FILE - In this Jan. 6, 2016 file photo, a worker stands next to trash collected by a garbage-collecting barge in Guanabara Bay in Rio de Janeiro, Brazil. The head of World Sailing said in an interview on Wednesday, July 6, 2016 that the boats will be cri
Silvia Izquierdo, File
July 07, 2016

RIO DE JANEIRO (AP) Helicopters will circle overhead starting at 6 a.m. to spot any floating rubbish. Below, trash-collection boats receiving GPS coordinates will sweep up debris before each day of Olympic sailing kicks off in Rio de Janeiro's Guanabara Bay.

Andy Hunt, the head of sailing's world governing body World Sailing, acknowledged to the Associated Press that Rio is difficult. He raised an unfavorable comparison with the yacht-filled New England harbor of Newport.

''We wouldn't be out sailing in Newport with spotting helicopters and eco-boats,'' he said.

Hunt ran off a list of other stop-gaps to sail in Guanabara with the Olympics opening in just over four weeks: floating barriers to keep rubbish from entering the bay, using naturally-occurring microbes to break down pollutants, and hygiene briefings for sailors and staff.

''Over the last couple of years they've mapped where the rubbish tends to collect,'' Hunt said. ''And a lot is based on tidal flows and wind conditions. So rubbish typically collects in certain places.''

Hunt said he'll cancel racing - or move to courses in the open Atlantic - if, for instance, heavy rains flood the bay with tree branches, animal carcasses, or plastic bags washed down from the surrounding hillside slums.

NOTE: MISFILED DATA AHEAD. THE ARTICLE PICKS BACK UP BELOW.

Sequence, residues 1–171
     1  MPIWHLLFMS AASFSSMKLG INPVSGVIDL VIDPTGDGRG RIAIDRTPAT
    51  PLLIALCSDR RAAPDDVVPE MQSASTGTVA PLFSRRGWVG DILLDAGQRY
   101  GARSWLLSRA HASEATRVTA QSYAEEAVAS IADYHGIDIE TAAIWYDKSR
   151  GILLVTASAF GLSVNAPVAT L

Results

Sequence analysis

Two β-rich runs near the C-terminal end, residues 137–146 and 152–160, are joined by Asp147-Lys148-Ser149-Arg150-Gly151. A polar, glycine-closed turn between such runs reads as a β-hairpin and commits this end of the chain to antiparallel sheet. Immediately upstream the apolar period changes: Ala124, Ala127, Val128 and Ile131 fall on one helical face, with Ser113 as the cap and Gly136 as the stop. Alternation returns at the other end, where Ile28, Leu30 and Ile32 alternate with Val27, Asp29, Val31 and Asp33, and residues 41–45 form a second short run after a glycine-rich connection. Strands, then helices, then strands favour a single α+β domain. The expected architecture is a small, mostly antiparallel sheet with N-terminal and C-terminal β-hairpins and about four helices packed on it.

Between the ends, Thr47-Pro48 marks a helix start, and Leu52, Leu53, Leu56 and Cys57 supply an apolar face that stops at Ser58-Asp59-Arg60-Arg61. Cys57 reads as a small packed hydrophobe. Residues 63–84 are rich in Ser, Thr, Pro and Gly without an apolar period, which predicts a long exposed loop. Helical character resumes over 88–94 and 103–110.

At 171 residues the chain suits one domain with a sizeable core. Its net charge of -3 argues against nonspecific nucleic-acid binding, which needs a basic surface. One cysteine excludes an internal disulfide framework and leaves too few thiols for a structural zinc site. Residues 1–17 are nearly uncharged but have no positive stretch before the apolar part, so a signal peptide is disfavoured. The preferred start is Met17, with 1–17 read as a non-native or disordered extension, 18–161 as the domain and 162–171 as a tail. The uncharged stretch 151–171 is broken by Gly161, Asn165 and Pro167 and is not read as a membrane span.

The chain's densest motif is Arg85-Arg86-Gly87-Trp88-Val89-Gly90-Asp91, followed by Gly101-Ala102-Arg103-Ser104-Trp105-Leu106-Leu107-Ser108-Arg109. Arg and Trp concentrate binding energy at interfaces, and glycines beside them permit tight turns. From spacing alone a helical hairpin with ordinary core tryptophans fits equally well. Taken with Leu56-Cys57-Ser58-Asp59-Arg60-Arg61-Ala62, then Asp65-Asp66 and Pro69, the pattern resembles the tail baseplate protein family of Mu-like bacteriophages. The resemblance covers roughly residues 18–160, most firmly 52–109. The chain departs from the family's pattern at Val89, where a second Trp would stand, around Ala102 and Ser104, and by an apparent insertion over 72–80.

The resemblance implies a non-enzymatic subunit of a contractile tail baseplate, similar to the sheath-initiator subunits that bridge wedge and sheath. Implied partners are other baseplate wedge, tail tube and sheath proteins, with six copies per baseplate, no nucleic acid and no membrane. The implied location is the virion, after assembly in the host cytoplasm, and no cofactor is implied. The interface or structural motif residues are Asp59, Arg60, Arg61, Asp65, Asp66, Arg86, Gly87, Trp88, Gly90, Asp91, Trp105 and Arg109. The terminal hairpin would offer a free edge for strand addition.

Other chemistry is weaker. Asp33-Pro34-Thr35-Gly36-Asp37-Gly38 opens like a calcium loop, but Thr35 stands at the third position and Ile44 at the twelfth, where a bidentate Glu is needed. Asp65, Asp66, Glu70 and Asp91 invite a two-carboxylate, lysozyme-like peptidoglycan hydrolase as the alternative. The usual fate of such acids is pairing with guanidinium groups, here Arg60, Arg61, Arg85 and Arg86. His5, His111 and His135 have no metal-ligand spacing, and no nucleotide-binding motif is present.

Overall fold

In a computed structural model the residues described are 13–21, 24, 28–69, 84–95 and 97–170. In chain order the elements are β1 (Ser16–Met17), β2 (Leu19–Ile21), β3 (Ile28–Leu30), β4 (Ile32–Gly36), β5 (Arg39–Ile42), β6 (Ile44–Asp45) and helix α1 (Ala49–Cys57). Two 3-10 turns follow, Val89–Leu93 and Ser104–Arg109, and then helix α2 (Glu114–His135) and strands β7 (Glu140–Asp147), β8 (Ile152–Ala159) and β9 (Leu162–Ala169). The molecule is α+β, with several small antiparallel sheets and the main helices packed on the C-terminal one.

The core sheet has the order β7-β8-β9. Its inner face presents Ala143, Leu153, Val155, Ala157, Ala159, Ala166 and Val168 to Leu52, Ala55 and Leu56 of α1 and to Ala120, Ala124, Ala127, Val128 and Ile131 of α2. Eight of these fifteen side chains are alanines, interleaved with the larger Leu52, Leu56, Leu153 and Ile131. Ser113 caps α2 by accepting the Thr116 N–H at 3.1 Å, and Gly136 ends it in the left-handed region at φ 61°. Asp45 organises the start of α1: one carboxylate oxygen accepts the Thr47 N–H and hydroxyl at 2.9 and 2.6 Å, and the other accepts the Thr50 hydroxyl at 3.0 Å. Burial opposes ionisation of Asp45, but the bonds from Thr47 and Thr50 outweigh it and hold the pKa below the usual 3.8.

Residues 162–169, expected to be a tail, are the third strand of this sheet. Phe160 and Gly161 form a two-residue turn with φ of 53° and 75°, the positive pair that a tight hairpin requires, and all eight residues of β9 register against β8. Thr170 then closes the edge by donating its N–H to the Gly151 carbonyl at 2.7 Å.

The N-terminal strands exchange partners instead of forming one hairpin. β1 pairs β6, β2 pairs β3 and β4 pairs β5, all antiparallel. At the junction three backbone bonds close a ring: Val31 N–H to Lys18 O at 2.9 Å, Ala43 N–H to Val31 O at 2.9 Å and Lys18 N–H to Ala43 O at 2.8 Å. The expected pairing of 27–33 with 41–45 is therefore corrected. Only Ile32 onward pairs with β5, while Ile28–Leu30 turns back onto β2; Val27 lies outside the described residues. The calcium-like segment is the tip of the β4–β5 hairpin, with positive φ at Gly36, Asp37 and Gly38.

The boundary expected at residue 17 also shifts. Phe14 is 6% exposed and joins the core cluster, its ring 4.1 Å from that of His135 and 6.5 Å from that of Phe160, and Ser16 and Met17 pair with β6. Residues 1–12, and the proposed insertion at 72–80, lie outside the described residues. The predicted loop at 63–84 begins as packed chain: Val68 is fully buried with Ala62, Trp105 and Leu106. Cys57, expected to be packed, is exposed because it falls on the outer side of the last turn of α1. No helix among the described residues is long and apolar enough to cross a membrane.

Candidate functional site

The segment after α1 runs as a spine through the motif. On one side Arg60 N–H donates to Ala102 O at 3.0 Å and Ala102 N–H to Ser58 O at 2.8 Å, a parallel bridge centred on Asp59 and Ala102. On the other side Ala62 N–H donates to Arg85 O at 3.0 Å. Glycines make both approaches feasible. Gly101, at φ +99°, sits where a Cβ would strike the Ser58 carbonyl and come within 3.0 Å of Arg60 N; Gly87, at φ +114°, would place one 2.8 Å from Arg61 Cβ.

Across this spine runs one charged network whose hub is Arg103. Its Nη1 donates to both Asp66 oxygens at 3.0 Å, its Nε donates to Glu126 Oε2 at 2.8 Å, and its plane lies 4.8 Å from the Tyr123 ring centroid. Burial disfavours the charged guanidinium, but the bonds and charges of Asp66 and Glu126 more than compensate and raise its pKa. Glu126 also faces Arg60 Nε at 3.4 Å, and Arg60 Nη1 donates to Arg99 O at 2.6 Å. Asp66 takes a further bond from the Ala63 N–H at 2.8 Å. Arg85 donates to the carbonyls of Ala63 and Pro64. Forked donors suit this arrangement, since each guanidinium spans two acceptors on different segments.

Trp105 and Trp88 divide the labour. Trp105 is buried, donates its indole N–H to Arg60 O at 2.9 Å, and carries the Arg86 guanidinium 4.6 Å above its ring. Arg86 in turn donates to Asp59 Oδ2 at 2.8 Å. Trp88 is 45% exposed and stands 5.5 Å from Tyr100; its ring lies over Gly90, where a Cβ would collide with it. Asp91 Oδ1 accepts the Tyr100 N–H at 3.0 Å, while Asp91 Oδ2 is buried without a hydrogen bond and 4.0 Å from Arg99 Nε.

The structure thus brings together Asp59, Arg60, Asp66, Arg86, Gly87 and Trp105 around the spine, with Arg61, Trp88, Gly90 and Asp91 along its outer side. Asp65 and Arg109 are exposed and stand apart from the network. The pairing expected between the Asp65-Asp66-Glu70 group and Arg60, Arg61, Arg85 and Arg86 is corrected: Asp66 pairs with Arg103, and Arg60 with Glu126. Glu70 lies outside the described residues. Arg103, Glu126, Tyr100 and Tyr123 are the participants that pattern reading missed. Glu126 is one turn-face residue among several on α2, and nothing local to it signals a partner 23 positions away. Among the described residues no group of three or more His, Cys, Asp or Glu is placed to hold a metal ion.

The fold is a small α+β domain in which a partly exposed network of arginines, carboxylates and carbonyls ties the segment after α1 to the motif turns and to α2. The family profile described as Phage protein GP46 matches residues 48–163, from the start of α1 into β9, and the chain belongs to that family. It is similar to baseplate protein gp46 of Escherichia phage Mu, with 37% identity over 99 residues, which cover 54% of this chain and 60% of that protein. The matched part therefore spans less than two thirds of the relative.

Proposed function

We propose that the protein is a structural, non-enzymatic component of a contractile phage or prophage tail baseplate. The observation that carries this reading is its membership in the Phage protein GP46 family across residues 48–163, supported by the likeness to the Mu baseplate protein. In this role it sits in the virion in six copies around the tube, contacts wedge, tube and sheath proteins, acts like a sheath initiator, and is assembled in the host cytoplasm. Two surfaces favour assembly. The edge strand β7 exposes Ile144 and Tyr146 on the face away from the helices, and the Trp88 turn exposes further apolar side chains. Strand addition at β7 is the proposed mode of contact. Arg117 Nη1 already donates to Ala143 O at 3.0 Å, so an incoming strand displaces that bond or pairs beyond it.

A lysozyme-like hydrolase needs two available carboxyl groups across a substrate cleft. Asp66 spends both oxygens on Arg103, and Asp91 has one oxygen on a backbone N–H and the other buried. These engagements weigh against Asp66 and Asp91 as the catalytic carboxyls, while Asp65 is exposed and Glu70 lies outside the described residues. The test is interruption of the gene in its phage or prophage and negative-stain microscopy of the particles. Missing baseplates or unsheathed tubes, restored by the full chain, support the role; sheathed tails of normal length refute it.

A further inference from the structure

''We will take tough decisions,'' Hunt said. ''If we go out and we're not confident that a field of play can be absolutely clear, it will be moved. If there are no safe racing areas, we will just postpone racing until we can get confident.''

Floating rubbish is the smaller of two problems.

Half of Rio's sewage flows untreated into its waters, rife with unseen viruses and bacteria. A year-long, independent study by AP has shown high levels of viruses and sometimes bacteria from human sewage in the waters where hundreds of sailors will compete when the Olympics open in just over four weeks.

Rio state officials have acknowledged a real cleanup of Guanabara will take 20 years - organizers promised to do it for the Olympics.

World Sailing, backed by the World Health Organization and the International Olympic Committee, says the water doesn't need to be tested for viruses. It says the bacterial levels are below what would be considered dangerous for athletes.

On Sunday, the bay was hit with another problem: an oil slick turned white boats brown as crews trained for the Olympics.

Television is a key reason that sailing is in Guanabara, and not a hundred miles (kilometers) away in a clean, coastal resort. Despite the dirty water, Guanabara is picturesque from a distance with Sugarloaf Mountain and the famous Christ the Redeemer statue is sure to be in the television shot.

''The opportunity for sailing to be at the heart of the Olympic Games is something pretty special,'' Hunt said. ''We're usually off in a venue, 100, 200 miles (kilometers) away.''

Hunt said the games offer tradition-bound sailing a chance to be seen by a younger, more diverse audience that the IOC wants to attract.

Sailing, like all Olympic sports, is continually being evaluated for popularity by the IOC.

''We don't want to connect with just the normal fans of sailing,'' Hunt said. ''The Olympic Games give us the opportunity to connect with a whole range of sports fans and a broader fan base.''


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